Thursday, December 25, 2008

Happy New Year!

Sorry for the silence...we've been off on holiday. We'll definitely catch you up in the New Year.

Happy Holidays from all of us at the X PRIZE Foundation. Thank you for sticking with us through the year. And we look forward to seeing you in 2009.


The X PRIZE Foundation Staff at our HQ in Playa Vista, CA.

Monday, December 22, 2008

Re-establishing NASA's Leadership



Chairman/CEO of the X PRIZE Foundation, Peter Diamandis, recently wrote about how NASA should reposition itself, now that a new administration is coming on board. He writes:
As President-Elect Obama takes office, NASA stands positioned to benefit from the change and enthusiasm brought by his new Administration. Five years out from the announcement of a new vision for America's Space Exploration program, important lessons about what NASA should be doing and how it can best meet those goals are available, and must be learned. So long a source of national pride and inspiration as well as cutting edge research, NASA is now losing its position of world leadership. Thankfully, the ingenuity and the talent necessary to reassert America's pre-eminence are still hardwired into the fabric of this nation. NASA and its peer agencies can be in a position to efficiently tap into it and direct it.
He further lists his recommendations for what NASA should do here.

[Read more].

Tuesday, December 16, 2008

Amazing Grace: the story of the anti-slavery movement




If you are American, British, Scottish or were influenced by the civil rights movement in the United States, you are probably familiar with the song Amazing Grace. Most people in the United States equate it with an old negro spiritual or gospel song that became the anthem of the civil rights movement in the 1960's. What few know is that it originated in England, was written by John Newton, a converted slave-trader turned minister, and was the anthem of the anti-slavery movement in Great Britain before it was adopted by the Americans.

While it was the British who started the slave-trade from Africa, they were also the first to see the inhumanity of what they were doing and stop it. The tireless leaders of this movement were a pair of friends - William Wilberforce and William Pitt (who was the youngest Prime Minister of England at one point). Pitt unfortunately never got to see the fruits of his labor; he died before the anti-slavery legislation passed.

I recently saw a brilliant film outlining this amazing story, aptly titled Amazing Grace. View the trailer here and below. HIGHLY recommend watching it:

Monday, December 15, 2008

Blog Spotlight + Video of the week

Yatin Sethi has a great blog on social innovation largely focused on India. Its an aggregate site, in the sense that unlike the other blogs I've highlighted so far, Yatin's blog gleans content rather than sharing his own views on things. Its really good stuff, particularly if you are trying to figure out what the upcoming ethos of social innovation is in India.

One of my favorite posts from his recent stuff is this video (borrowed from YouTube). Someone surveyed various segments of the Indian population and asked them what they would do with Rs 500 (US$10). You'll get a good idea of the value gap (the gap in what a specific thing, in this case a set amount of money is valued) between different social sectors in India. To the poor this is a HUGE amount; to the middle and upper classes, its absolutely nothing. The video is great, though I wish it was translated. I will do my best below to make up for this. Keep in mind that:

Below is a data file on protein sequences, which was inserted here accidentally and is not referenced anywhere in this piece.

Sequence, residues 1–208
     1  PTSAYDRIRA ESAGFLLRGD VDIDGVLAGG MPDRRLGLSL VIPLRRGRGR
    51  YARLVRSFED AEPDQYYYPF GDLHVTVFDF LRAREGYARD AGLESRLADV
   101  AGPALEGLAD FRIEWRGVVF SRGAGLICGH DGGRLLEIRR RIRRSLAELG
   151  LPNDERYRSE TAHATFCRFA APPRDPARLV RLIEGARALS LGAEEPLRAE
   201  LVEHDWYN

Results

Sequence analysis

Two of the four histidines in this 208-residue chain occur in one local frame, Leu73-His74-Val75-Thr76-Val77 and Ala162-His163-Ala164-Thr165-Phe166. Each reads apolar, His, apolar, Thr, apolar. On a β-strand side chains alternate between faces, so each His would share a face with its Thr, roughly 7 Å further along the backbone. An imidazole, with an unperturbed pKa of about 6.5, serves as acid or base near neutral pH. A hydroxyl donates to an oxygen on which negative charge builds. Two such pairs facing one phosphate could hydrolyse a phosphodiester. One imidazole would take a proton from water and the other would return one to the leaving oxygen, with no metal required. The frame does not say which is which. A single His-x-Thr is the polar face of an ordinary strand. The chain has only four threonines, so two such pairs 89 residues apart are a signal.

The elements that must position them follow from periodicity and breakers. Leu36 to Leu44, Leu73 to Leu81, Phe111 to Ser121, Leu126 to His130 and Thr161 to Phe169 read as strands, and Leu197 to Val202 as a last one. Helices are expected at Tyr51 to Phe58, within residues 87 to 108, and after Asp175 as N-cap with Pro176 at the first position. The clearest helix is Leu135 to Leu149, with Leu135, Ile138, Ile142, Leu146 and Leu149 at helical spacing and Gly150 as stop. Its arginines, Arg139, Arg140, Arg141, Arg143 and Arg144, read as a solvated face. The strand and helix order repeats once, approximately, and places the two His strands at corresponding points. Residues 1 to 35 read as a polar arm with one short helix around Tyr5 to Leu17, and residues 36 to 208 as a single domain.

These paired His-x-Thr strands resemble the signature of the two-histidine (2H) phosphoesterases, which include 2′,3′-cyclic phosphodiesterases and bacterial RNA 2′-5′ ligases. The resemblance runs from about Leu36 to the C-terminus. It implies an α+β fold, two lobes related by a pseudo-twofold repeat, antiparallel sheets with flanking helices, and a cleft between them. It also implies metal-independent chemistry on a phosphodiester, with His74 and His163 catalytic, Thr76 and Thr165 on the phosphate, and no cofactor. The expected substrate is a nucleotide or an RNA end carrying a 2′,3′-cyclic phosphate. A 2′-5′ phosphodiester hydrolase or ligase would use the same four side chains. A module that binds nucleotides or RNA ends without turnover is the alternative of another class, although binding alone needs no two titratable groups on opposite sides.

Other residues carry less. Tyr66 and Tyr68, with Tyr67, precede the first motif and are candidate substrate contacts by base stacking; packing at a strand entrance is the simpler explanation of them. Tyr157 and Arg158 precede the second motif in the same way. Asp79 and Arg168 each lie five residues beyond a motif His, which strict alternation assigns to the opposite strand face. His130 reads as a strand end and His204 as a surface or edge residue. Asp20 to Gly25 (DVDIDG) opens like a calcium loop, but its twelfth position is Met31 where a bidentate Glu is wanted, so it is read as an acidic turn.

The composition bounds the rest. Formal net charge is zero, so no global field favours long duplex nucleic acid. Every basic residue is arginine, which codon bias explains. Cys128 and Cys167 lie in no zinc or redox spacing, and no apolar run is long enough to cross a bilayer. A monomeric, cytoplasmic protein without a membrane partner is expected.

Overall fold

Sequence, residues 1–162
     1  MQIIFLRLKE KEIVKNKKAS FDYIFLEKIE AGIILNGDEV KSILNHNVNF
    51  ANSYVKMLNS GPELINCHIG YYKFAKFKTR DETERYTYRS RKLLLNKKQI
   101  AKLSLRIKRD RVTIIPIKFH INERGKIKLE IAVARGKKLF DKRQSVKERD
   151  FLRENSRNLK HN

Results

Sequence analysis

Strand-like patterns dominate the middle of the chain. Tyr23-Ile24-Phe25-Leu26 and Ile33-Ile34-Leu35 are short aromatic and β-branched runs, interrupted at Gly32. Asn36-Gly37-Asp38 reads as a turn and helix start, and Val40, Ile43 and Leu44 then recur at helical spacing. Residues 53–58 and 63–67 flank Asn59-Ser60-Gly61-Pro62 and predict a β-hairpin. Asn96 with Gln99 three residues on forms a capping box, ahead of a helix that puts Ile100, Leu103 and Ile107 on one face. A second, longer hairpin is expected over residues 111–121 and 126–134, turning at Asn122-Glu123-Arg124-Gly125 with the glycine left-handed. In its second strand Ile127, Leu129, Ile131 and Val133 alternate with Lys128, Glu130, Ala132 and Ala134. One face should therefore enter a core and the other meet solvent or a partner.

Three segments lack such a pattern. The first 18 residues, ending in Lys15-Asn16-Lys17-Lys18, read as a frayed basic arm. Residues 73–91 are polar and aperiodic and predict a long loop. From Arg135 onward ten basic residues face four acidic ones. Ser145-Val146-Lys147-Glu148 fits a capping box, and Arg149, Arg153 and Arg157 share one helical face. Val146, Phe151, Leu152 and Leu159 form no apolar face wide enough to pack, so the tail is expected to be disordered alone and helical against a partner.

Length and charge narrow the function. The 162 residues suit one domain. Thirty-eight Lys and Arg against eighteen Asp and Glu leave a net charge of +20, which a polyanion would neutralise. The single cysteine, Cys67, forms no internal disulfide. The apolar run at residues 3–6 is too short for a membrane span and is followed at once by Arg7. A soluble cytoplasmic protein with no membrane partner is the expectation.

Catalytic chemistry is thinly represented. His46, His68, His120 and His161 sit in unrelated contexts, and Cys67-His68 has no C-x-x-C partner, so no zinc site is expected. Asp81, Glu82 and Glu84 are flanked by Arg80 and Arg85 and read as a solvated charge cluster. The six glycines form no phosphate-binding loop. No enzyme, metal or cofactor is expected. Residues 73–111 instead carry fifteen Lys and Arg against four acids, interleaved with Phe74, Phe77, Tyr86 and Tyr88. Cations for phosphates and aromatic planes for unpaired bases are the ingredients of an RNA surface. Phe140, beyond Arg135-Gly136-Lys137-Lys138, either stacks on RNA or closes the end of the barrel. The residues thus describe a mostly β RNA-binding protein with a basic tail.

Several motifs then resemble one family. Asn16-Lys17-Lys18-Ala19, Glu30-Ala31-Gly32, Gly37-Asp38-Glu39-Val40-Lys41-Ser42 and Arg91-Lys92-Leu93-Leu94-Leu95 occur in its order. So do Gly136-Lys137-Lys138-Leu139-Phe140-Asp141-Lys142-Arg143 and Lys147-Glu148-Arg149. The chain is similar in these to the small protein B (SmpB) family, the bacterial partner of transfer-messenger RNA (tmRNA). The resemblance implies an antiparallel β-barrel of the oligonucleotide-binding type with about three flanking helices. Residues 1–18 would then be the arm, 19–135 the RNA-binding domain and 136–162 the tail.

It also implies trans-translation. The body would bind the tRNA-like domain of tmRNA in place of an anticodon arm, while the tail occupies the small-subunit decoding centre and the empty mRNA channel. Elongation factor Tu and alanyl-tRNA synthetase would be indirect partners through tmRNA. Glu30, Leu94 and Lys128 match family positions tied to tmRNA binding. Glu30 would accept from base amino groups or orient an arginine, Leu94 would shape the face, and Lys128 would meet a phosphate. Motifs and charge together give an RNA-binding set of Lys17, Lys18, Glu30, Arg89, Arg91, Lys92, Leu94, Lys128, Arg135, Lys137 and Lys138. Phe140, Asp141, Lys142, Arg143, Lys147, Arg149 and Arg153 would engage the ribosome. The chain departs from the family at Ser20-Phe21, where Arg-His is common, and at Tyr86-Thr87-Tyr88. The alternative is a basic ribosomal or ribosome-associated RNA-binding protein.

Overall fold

• middle and upper classes in India usually speak English (though they are multilingual)
  • the poor classes usually speak only in local languages
  • most of the little boys interviewed here are already working for a living, so they understand the value of Rs 500.


Again, the question is:

Q. What would you do with Rs 500??

Answers (italics are the translated versions)...I must say I am embarrassed for the middle class Indians...doing a good job with their youth, eh?? Lofty goals...
  • get a piercing done
  • "freak out" ("freak out" is slang for "enjoy myself) at all the eating joints.
  • buy school supplies**
  • buy home supplies**
  • movies, movies, movies (in India, a movie theater ticket ranges from Rs 150-800)
  • I'll buy things for my kids and then save the rest for a rainy day
  • What the heck can you do with Rs500?? Can't get or sell anything
  • Buy things for the house; I'll go to the market and buy tomatoes and potatoes
  • Hide it somewhere for another day
  • Go meet my friend
  • Eat lots of ice cream and have a party
  • Give my family and mom and dad out a really nice meal.
  • Get a nice present for my friends in Italy
  • Get a first-class railway pass
  • Buy drinks
  • Alcohol
  • what I don't have and need, I'll go and buy
  • Buy movie tickets
  • Top up my mobile phone
  • I'll buy a [cricket] bat and [some type of cheap] gold bracelet
  • I'll eat a nice meal in a fancy restaurant
  • Go and have a big biryani (rice dish from the Deccan area)
  • Wild Strawberries
  • Buy stuff for my kids
  • Blow it up on booze or smokes
  • Have a party or something with it
  • Pay for my school tuition fees
  • Get some medicine
  • Buy some clothes or something
  • Buy a branded underwear
  • Get a much better, and more stylish haircut
  • Actually nowadays with Rs 500, you don't get anything...

Friday, December 12, 2008

How I would revive the Big 3 Automakers


How the Big 3 can save themselves...

As you know, the Senate denied the bailout for the Big 3 automakers yesterday. There were mixed reactions (see the comments). I drive an American car, while my family drives primarily Japanese cars, and many friends drive German, Australian, and Swedish cars (well, I guess Indian too, now that Tata has bought up Jaguar and Land Rover). Its clear which ones are seriously lagging in quality in the American market.

A couple of us were sitting around talking about it yesterday...what now? theonlyrepublican.com proposes an interesting solution: rather than put a $14 Billion dollar bailout, put a little bit of that money (about $1 Billion) into an X PRIZE type of competition.